Nov 5, 2017

Change we can believe in

In a 2013 article for theguardian Sylvia McLain, a biophysicist, wrote,1

That most scientific studies are ultimately wrong is normal for science. There are more theories in the graveyard of science than theories that stand the test of time. Why? Because new data is always emerging and theories have to be adjusted. Theories are only as good as theories are, until new data comes along and ruins them. Theories give a best guess at what is going on based on things we observe (data), but they are not immutable. If you only have a few data points, then your working theory is more likely to turn out to be wrong. This is not news to science, this is science.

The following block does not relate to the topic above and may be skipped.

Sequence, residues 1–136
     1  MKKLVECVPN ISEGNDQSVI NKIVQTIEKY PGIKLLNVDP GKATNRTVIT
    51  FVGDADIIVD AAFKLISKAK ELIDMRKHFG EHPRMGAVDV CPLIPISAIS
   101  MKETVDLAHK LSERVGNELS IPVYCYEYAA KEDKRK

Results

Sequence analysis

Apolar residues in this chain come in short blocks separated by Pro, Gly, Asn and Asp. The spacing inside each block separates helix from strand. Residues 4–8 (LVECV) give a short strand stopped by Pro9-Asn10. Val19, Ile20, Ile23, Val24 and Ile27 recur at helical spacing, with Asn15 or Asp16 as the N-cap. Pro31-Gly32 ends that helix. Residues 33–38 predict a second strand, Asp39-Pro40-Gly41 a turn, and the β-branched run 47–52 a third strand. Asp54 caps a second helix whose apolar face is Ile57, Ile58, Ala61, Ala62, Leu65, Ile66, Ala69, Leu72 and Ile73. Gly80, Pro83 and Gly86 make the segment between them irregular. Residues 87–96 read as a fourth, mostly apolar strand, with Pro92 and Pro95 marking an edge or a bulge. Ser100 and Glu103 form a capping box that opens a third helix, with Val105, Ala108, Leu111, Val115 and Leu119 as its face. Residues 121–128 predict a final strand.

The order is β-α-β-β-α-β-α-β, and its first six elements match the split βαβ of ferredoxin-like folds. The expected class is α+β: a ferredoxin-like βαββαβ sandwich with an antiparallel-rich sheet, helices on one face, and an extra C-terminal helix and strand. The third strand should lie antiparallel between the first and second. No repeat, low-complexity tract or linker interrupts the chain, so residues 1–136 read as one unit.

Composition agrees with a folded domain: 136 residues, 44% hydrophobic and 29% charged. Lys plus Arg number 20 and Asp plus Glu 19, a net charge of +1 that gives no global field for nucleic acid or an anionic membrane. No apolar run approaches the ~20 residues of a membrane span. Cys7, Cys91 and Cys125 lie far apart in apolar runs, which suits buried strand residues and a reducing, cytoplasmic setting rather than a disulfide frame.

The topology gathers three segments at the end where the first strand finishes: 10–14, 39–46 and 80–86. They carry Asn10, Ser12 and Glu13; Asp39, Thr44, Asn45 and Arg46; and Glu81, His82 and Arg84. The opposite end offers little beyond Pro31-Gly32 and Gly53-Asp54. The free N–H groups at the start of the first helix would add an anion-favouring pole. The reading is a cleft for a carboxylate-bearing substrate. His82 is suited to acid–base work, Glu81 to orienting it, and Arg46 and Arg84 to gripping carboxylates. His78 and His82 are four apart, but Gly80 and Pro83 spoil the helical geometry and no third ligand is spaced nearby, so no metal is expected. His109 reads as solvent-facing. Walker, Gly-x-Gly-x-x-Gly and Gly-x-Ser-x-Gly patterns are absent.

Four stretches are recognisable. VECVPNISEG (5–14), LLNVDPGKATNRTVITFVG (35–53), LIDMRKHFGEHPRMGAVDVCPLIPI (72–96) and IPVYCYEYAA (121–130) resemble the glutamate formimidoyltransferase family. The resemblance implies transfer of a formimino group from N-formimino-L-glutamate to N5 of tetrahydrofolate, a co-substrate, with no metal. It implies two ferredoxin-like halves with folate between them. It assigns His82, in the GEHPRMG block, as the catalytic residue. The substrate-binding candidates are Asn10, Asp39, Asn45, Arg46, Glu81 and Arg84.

In 1956 Richard Feynman gave a talk in which he emphasized how important uncertainty is in science, he said, "when we know that we actually do live in uncertainty, then we ought to admit it... this attitude of mind - this attitude of uncertainty - is vital to the scientist."2 Scientific knowledge is not about searching certainty as per Karl Popper, science is about searching for "objectively true, explanatory theories."3 Appreciating that "knowledge is fallible and therefore uncertain" science, he said, is about "discovering and eliminating" mistakes.3 Carl Sagan also believed in our human fallibility and noted that we "will always be mired in error."4 According to Sagan, improvement comes from acknowledging our limitations and using the scientific method to correct our errors. Science, said Popper, helps us make progress and learn from our mistakes because criticism is indispensable for error corrections.5